Bill Blain discusses the ‘what if’ scenarios surrounding the general election vote on June 8, including fearful imaginings of what may or may not be, but that must be considered.

It’s the morning after the morning before and apparently, we’re already heartily sick of politics. The BBC wheeled out no less an authority on UK electoral trends and the significance thereof than Brenda, a pensioner from Bristol, to tell us how terrible it is we’re having another election. Classic TV perhaps, but informed and incisive reporting it was not.

Get used to it – the underlying vibe of the UK election is likely to be profoundly negative. We shall have to cut through the breakfast TV pap to get to the facts and the direction of the next six weeks. I doubt we can trust the polls anymore. Politics is just not terribly fashionable and has become the catch-all blame for everything. I guess that’s the zeitgeist of the times, why the current crop of politicos is so unimpressive, and the rise of populism.

The markets don’t seem particularly worried about the announcement. Elections in France, tensions in Korea and Syria, the general vagueness about which direction is up or down are more the issues d’jour, and government bond markets have been trading like it’s a flight to quality moment… pushing down rates and distorting financial asset values across the investment surface.

So why am I worried about the UK election? The one thing that strikes me is how unreliable political expectations have become – in the last few years we’ve seen a whole run of extraordinary political results here in the UK. We’ve seen the first coalition government in the UK from 2010-2015, the referendum in Scotland and the SNP subsequently becoming a one-party state within the UK, the rise of UKIP and amateur politics, opinion concentrated on the few charismatic populists like Farage and BoJo, and the Brexit referendum completely wrong-footing Cameron and consigning him and his chums into political oblivion.

Politics has become extraordinary and you would think that would attract the brightest and the best, but it hasn’t. For some reason politics has become disreputable and surprising. We don’t like surprises when it comes to markets, it drives uncertainty and flight.

And now we’ve got Theresa May – who, lets be honest, is still something of a mystery, playing the Game of Politics like she was a Lannister born and bred… (the Lannisters are the incredibly cruel Baddies from Game of Thrones lest you’ve been hiding in a salt-mine the past six years, and yes I was tempted to use a Tyrion Lannister quote, but resisted.)

What if she’s got it wrong…? Now that would be interesting… but… the serious UK analysis is pointing to something of a “seal-clubbing” of Labour in prospect. Friends within Labour say they are “concerned”: the trendies in safe London seats see it as an opportunity to get rid of Corbyn and come back to a “good clean game” in 2022! Heaven help us till then. However, more informed reports think the Labour heartlands oop North (which just happen to be largely Brexit) could relay some short sharp shocks.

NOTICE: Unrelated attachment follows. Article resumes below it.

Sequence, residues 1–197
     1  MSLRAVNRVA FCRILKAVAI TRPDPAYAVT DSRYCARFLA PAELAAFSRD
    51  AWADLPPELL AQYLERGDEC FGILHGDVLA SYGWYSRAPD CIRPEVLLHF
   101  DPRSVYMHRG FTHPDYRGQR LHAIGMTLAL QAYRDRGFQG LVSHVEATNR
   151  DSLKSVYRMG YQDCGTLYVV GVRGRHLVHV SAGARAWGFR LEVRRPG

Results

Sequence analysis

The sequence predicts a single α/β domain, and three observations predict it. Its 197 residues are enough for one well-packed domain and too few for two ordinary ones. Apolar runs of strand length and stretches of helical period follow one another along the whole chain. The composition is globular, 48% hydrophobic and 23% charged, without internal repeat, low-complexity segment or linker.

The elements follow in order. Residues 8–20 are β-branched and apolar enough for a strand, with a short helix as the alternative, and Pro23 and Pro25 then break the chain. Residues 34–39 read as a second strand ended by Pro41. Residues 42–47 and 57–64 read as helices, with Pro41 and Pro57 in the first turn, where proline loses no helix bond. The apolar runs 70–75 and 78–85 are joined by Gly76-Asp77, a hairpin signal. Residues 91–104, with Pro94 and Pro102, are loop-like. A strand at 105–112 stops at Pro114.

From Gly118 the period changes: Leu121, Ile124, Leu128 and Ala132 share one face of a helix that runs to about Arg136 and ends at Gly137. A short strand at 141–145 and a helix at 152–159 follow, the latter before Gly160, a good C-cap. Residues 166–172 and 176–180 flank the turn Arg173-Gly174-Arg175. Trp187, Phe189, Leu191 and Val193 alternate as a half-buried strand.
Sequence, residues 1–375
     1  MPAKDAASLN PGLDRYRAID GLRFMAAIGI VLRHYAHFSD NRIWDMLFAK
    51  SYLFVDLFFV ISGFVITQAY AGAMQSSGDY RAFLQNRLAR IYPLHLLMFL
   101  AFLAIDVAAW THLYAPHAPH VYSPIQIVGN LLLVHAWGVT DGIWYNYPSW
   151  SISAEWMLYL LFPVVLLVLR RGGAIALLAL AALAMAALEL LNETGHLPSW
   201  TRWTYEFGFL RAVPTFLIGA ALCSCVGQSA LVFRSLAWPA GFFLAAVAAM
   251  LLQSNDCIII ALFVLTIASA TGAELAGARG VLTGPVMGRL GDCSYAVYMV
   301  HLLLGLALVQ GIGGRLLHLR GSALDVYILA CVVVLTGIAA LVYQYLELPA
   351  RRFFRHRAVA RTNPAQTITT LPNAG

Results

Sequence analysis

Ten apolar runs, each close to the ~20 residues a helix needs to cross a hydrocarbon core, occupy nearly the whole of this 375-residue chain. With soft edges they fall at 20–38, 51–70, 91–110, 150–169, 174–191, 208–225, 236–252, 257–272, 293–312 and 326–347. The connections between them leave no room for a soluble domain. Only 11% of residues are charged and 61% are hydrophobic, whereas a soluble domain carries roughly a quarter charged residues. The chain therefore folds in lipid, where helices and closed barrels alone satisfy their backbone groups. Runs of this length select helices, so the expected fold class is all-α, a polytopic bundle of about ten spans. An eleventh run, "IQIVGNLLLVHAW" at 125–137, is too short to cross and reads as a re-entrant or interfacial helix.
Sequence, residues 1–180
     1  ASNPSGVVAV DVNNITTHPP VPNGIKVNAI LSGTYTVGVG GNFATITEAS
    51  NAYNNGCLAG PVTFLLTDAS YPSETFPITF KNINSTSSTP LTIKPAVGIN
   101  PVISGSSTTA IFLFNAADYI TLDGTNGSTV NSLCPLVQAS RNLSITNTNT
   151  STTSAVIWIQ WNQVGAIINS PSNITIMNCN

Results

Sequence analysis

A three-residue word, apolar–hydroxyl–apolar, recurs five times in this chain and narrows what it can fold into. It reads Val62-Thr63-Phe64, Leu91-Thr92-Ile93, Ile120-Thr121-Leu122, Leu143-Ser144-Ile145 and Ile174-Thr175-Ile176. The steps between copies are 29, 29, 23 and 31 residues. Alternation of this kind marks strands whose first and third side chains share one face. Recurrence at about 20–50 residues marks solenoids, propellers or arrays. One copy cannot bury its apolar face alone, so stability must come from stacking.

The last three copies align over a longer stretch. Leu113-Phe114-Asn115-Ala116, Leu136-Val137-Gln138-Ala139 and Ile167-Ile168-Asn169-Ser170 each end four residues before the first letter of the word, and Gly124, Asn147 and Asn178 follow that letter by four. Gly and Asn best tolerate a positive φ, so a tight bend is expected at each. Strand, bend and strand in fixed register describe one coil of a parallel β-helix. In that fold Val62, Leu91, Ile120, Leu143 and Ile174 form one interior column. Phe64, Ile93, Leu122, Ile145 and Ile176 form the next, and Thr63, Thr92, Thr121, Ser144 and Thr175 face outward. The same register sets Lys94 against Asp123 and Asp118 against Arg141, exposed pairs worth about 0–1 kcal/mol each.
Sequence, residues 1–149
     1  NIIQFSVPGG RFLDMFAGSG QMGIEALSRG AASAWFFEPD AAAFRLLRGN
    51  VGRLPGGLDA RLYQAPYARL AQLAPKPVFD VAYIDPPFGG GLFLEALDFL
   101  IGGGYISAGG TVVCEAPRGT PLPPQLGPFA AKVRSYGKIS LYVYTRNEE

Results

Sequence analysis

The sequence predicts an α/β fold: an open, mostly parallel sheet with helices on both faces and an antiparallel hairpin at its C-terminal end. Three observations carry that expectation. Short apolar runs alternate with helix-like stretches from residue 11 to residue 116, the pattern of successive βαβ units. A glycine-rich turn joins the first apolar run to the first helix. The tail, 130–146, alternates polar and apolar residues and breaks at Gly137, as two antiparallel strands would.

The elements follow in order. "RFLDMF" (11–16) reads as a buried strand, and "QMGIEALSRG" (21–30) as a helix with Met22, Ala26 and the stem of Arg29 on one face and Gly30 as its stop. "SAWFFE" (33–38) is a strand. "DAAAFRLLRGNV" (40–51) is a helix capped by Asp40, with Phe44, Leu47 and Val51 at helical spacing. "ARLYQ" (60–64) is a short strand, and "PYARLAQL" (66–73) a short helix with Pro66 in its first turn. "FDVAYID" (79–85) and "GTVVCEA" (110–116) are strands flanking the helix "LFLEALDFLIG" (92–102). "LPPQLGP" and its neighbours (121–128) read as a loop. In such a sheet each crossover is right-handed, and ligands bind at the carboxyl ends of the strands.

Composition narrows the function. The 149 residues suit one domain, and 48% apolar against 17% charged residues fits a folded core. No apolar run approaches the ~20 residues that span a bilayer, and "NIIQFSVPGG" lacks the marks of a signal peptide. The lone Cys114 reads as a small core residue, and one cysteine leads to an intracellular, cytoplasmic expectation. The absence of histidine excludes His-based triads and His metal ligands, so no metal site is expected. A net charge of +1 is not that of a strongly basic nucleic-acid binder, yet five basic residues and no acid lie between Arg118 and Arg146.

But…. What happens if Labour manage to hold on? Corbyn’s apparently random thoughts and semi-policies do appeal to the young and the motivated.

The Liberals (bless ‘em) remain convinced they represent the soul of the nation and expect a resounding swing of votes their way because they are clean, middle class and terribly serious. Their earnest message Brexit can be unwound and it’s never too late to repent on last year’s referendum, which will no doubt be as successful as Liberal politics last century. Expect them to add a few seats and be crushingly disappointed while claiming: “well actually we’ve done very well, our three new MPs represent the whole country telling the rest of the country we are right and they are wrong.”

What happens if the Liberals successfully reverse their slaughter at the 2015 election – and re-establish themselves in the South and South-West as the credible Anti-Hard-Brexit opposition?

And what of the Tories? The consensus is it’s a nice play from Teresa May – get five years behind her before Brexit starts to bite. Real wages are likely to decline as import inflation rises and confidence remains brittle – why wait to see if it bites and raises doubts? The country has become reconciled to the fact Brexit is going to happen, none of the bad things the remainers assured us would happen have, and the Labour party is so far below in the polls it’s become an irrelevance.

Why not pull the trigger? What if she was wrong? What if she loses her 17-seat majority? What if the country becomes ungovernable? Who replaces her? The Buffoon or the Dodgy? There won’t be a coalition with the Liberals or the SNP. What if the Scots increase their vote and use it to justify a further referendum? What if she blows her credibility just as the country heads into serious Brexit negotiations post the German elections?

All these “What Ifs” above are fearful imaginings of what may or may not be, but in terms of UK strategy they must be considered, meanwhile the media might not think so, the next six weeks are worth watching.

Back in the real world, we really should think about France, the US Fed balance sheet and a host of other stuff, which I guess will have to wait for another day.